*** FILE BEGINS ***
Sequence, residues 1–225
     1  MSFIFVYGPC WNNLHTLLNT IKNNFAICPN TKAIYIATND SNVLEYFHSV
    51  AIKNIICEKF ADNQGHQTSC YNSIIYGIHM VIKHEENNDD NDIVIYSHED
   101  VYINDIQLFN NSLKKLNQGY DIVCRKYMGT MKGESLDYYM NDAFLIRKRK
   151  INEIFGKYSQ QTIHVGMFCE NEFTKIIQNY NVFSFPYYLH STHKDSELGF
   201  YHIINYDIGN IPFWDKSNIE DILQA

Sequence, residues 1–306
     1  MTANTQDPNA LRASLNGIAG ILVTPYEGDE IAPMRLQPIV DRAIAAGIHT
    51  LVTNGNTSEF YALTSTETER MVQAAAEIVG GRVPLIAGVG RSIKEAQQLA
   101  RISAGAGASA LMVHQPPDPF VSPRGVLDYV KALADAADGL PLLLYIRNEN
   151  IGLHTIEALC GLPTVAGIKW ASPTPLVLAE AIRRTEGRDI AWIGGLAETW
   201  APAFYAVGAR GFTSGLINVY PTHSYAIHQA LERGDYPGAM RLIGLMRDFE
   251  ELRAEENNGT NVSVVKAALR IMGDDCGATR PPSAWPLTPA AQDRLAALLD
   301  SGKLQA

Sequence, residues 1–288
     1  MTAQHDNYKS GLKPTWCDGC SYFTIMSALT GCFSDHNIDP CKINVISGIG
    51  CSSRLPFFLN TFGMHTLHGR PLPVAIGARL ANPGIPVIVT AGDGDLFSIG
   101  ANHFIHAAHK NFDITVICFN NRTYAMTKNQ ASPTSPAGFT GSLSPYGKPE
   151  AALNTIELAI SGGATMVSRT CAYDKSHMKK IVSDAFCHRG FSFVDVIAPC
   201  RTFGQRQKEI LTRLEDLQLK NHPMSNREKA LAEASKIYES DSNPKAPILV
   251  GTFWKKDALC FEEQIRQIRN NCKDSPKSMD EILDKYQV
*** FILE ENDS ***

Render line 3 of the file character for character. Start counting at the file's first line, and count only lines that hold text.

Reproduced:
    51  AIKNIICEKF ADNQGHQTSC YNSIIYGIHM VIKHEENNDD NDIVIYSHED